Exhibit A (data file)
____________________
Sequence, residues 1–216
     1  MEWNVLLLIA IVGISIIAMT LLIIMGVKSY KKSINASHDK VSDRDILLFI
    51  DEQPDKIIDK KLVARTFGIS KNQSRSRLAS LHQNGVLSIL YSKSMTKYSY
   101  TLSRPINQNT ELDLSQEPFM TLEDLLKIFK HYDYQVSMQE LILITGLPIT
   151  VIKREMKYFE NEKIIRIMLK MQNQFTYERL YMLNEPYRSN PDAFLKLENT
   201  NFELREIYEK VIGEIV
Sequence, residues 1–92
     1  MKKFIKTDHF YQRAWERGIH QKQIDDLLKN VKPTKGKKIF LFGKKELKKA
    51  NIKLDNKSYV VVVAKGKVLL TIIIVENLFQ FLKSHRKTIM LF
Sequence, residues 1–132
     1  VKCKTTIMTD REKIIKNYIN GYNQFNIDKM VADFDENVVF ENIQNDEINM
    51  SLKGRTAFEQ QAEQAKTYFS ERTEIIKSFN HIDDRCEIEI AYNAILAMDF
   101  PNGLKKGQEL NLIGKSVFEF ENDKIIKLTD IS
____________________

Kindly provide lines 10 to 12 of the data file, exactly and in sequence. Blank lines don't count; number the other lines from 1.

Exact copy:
Sequence, residues 1–132
     1  VKCKTTIMTD REKIIKNYIN GYNQFNIDKM VADFDENVVF ENIQNDEINM
    51  SLKGRTAFEQ QAEQAKTYFS ERTEIIKSFN HIDDRCEIEI AYNAILAMDF